CINCINNATI - The Ohio Department of Health reports a 52-year-old man from Warren County was diagnosed with fungal meningitis linked to the deadly outbreak across the nation.
This is the second case reported in the Tri-State. A 65-year-old Hamilton County man was diagnosed with meningitis last week, but no word has been released on his condition.
There are now nine cases reported in the state of Ohio. No deaths in the state have resulted from the outbreak, according to ODH.
At the center of the outbreak is a medication distributed by the New England Compounding Center in Massachusetts. The widely distributed steroid medication is used to treat back pain and is given to patients through an injection.
Eight clinics in our area have been identified as receiving the possible contaminated medications from the pharmacy. Cincinnati Pain Management was using the potentially contaminated steroid shot while the other clinics had some of their products recalled on Tuesday since they were produced at the same New England company. Those clinics include:
Dr. Michael Nordlund is the Medical Director at the Cincinnati Eye Institute in Blue Ash, one of the clinics in the area that had medicines that came from the New England Compounding Center recalled.
"The risk for infection is very very low, especially if the surgery was done more than 30 days ago," Nordlund said.
The recalled medicine at the eye clinic was used to control inflammation during surgery.
"There's really only patients in a one week period where we expect there might be an infection," he said. "The others are far enough out if there was going to be an infection, we would have thought we would have seen it by now."
Public Information Officer with the Hamilton County Health Department Mike Samet said he hasn't seen any cases linked to these clinics just yet.
"The risk of fungal meningitis is not present in drugs that are not injected," Samet said.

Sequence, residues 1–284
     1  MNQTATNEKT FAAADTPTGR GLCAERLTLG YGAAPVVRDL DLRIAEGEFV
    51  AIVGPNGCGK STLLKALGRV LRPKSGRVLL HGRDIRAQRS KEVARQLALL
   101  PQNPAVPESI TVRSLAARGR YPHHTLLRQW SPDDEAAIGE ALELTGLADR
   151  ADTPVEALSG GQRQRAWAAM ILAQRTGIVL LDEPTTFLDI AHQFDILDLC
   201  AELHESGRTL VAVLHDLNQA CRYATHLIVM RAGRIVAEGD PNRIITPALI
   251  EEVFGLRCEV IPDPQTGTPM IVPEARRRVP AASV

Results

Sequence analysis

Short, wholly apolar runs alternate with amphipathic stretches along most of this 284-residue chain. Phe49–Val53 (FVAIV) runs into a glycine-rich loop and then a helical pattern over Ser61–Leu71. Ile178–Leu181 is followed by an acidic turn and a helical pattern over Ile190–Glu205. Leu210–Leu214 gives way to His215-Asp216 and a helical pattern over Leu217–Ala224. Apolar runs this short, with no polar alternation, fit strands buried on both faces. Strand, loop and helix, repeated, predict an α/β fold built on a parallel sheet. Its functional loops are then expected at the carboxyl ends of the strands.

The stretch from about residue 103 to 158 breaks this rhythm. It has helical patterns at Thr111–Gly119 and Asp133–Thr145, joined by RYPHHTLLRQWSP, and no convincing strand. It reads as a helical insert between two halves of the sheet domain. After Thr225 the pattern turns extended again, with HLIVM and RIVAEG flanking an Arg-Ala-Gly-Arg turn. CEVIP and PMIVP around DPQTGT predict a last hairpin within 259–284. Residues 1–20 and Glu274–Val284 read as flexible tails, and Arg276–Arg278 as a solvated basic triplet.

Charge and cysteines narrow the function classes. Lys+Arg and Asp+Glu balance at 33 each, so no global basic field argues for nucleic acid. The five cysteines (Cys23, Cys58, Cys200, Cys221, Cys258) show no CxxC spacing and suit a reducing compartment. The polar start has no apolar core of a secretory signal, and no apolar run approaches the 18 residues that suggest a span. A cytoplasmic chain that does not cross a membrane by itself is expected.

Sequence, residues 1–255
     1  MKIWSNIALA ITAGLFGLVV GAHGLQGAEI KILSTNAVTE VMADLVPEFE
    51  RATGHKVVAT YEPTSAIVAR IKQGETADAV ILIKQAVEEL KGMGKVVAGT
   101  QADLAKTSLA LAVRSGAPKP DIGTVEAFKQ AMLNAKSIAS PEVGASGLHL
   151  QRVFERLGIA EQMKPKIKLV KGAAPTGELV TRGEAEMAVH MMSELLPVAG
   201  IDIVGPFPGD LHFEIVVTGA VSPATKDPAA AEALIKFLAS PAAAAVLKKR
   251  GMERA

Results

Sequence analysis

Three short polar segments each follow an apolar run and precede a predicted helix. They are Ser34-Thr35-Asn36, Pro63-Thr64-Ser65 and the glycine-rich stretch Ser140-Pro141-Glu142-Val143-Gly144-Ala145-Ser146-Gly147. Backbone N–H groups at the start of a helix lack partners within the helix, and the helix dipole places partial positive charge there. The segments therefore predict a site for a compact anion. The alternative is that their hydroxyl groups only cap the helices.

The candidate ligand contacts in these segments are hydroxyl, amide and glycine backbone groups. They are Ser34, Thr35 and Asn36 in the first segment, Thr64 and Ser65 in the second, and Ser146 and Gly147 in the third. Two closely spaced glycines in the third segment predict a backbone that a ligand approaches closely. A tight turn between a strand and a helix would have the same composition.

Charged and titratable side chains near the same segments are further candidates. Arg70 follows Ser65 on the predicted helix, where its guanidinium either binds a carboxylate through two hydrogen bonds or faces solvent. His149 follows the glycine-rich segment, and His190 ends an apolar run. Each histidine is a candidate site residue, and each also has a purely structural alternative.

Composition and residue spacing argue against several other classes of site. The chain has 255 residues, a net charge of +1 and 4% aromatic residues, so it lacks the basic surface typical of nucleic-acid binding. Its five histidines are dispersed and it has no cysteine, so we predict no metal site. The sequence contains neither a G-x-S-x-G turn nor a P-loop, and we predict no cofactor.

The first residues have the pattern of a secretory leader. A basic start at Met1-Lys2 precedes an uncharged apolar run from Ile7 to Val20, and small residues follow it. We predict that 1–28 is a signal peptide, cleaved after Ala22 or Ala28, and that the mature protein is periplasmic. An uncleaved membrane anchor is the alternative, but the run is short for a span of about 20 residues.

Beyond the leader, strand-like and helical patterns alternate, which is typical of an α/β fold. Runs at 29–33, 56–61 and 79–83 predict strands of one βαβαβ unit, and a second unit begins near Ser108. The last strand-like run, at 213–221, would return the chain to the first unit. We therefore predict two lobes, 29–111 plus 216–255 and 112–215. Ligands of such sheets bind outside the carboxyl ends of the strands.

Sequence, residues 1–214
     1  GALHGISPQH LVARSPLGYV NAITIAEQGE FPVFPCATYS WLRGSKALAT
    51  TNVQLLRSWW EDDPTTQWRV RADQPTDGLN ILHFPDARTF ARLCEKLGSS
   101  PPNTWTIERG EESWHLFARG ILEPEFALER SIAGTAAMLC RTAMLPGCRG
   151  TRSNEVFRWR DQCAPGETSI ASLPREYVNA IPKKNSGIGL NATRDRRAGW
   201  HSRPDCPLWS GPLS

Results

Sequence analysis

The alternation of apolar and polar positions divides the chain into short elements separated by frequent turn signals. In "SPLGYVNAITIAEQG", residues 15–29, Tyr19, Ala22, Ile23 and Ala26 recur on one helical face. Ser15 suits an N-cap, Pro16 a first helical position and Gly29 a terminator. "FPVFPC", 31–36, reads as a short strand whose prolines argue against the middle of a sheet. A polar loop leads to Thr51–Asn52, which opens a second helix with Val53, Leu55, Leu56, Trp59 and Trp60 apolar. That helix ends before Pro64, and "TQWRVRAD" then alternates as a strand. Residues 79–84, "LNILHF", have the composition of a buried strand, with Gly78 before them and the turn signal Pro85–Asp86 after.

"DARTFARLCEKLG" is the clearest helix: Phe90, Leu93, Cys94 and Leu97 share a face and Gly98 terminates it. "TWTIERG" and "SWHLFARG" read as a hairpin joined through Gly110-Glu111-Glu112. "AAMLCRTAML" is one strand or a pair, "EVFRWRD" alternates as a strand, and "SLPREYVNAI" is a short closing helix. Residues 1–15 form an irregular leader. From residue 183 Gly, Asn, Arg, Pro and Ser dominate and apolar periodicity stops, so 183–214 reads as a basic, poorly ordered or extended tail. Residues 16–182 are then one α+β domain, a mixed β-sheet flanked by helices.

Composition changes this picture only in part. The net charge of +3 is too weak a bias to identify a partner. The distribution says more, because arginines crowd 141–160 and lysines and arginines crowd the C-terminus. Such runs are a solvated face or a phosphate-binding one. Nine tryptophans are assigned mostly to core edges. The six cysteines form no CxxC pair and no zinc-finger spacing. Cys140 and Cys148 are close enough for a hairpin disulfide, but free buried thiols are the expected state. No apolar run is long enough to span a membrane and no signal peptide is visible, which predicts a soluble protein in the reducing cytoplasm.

However, you could get a localized fungal infection through topical or oral medicines that are contaminated.
"We're watching symptoms very closely. You'll be working with your physicians very closely," he said. You'll be contacted by anyone in the Tri-State region who may have administered the medication. It's now off the shelves, anything produced by NECC by May 21 of this year."
Dr. Nordlund is in the process of contacting between 200 and 300 patients at his clinic that are at highest risk.
"It is concerning and disheartening that we have to deal with this but we're optimistic that this won't have adverse outcomes for our patients," he said.
The Ohio Department of Health is urging all health care providers to follow up with patients who received the tainted injections since May of this year. The Food and Drug Administration compiled a list of products distributed from the New England pharmacy to facilities in Ohio that possibly contain fungal meningitis.
"We are working with health care providers to reach out to patients, but we need two-way communication,” said Dr. Ted Wymyslo, director at ODH. “At this time, ODH does not have a count on the number of patients that received drugs in the expanded recall list. Since this investigation is changing so rapidly, it’s critical that Ohioans who received these injections or solutions be informed and watch closely for any change in how they are feeling.”
For a complete list of all Ohio facilities that received the tainted injection visit http://media2.wcpo.com/pdfs/OH_facilities.pdf .
Copyright 2012 Scripps Media, Inc. All rights reserved. This material may not be published, broadcast, rewritten, or redistributed.